In psychology, decision-making is regarded as the reasoning process resulting in the selection of a belief or a course of action among several possible alternative options. Some choices are simple and seemingly straightforward, while others are complex. Most theories of decision-making assume that we always choose the best option available, based on a set of stable preferences. What if we have 2 equally desirable choices? To be or not to be, to do or not to do?
According to research by the University of Melbourne (Journal of Neuroscience, 2019), hard decisions between equally valued alternatives can shape future decisions. This means that if to exercise or not to exercise are both of equal preference, and when a final decision is made (after seriously considering the two options) to exercise, the brain hard-wires the decision to aid future decision making.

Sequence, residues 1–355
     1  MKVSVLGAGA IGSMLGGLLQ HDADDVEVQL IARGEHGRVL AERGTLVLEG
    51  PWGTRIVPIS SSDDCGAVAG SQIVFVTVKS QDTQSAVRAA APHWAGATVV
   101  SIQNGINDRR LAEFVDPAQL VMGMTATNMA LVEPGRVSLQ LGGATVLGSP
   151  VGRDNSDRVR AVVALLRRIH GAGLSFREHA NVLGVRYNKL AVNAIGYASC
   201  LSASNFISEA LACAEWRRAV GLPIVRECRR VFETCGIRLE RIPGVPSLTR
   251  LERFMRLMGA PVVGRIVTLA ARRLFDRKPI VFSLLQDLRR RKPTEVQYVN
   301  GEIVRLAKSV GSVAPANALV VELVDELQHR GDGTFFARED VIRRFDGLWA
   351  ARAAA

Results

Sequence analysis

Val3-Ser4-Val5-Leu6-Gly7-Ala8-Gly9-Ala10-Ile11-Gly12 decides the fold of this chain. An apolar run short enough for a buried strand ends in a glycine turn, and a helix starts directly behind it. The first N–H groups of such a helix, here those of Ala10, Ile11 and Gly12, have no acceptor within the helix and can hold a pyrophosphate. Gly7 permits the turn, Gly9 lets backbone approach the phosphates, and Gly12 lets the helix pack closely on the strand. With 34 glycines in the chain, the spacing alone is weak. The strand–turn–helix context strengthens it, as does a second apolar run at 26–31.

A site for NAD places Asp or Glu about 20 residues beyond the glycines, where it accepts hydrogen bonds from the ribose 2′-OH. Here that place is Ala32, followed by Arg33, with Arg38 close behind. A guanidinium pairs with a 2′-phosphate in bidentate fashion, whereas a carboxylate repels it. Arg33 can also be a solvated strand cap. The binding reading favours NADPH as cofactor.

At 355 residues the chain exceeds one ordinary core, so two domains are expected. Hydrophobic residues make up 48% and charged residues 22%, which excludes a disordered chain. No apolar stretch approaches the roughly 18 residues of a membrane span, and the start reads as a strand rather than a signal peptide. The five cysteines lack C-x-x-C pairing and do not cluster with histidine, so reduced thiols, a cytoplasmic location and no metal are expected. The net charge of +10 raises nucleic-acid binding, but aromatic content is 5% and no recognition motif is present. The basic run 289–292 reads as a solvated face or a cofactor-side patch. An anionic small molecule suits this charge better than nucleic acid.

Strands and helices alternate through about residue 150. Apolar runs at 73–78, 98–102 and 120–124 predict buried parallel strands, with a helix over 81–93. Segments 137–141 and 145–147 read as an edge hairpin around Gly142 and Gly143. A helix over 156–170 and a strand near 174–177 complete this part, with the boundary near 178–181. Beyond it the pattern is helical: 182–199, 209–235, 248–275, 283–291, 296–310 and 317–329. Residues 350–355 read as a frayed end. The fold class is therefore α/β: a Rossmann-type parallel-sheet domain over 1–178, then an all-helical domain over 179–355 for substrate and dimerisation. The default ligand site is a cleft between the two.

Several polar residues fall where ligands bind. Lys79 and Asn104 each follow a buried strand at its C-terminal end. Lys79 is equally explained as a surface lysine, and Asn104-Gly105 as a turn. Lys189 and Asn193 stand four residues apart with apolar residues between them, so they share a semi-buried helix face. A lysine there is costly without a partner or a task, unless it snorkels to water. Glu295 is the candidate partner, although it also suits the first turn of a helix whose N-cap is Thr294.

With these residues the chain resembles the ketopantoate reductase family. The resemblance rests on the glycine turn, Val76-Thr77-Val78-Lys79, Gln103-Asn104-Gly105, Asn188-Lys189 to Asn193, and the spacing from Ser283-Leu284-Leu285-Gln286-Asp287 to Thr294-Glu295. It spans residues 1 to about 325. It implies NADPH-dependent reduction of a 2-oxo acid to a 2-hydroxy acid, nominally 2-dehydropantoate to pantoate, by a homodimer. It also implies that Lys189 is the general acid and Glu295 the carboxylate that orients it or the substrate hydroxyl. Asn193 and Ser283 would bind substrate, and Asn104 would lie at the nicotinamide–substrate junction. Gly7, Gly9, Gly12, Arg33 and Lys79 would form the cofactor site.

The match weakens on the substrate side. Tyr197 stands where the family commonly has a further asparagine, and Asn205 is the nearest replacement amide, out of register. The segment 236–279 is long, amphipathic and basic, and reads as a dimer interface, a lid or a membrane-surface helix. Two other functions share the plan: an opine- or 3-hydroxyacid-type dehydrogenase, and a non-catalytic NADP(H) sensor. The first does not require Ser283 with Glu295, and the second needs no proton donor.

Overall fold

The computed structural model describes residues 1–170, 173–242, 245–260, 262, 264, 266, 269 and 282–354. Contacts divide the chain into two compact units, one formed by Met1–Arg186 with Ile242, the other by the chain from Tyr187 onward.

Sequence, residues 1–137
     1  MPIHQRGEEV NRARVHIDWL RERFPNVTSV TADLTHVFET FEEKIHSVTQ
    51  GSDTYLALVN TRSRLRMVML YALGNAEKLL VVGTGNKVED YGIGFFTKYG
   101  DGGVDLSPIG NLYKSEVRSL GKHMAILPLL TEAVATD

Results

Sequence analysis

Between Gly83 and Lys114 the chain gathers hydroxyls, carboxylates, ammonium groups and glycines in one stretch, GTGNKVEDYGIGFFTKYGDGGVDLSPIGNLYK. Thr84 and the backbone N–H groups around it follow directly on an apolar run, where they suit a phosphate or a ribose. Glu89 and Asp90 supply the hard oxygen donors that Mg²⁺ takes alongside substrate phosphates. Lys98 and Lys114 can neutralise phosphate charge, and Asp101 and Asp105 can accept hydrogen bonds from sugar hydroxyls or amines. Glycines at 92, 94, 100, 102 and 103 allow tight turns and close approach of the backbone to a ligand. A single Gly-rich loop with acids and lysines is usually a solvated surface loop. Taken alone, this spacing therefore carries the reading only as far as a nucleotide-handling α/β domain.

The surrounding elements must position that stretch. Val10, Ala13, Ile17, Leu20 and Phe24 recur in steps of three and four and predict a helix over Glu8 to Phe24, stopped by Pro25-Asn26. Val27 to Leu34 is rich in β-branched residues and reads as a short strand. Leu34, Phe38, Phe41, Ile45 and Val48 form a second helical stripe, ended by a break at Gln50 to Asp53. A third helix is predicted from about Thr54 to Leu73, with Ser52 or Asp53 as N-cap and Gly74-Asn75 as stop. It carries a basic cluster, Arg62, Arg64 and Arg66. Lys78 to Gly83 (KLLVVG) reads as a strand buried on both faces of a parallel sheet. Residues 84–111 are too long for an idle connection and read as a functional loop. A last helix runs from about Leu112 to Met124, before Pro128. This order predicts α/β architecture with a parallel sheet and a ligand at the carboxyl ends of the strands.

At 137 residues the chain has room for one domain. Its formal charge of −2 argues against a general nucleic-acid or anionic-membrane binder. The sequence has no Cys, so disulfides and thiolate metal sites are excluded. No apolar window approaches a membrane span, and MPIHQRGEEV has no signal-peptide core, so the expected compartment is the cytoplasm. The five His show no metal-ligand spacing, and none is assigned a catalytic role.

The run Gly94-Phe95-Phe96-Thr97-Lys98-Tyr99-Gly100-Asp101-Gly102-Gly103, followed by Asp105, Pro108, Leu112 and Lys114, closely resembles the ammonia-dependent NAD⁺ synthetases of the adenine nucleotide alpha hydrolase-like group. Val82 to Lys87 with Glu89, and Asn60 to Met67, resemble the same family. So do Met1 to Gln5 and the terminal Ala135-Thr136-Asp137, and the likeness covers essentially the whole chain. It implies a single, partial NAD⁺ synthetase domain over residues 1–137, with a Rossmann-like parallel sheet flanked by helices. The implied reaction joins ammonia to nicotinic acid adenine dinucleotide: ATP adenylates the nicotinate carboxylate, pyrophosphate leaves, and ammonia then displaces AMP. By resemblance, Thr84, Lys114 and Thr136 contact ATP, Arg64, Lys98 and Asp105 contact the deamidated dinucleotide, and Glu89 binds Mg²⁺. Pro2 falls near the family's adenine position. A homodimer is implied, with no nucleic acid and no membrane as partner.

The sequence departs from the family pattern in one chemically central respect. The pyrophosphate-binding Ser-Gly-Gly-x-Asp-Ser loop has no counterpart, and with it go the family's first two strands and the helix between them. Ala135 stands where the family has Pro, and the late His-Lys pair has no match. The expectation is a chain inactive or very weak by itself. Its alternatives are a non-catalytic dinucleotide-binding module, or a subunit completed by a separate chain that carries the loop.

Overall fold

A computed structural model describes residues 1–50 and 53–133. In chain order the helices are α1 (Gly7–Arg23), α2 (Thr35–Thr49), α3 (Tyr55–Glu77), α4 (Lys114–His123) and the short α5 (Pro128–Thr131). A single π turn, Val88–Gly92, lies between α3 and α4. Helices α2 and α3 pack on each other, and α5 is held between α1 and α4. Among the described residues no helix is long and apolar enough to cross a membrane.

Decision-making is in the locus of your control. You have the power to break patterns of behavior simply by making better decisions. You can change your mind and your actions at any time. Even when you're stuck in a cycle of rut-like thinking and behavior, a change of attitude and decision-making can turn your life around.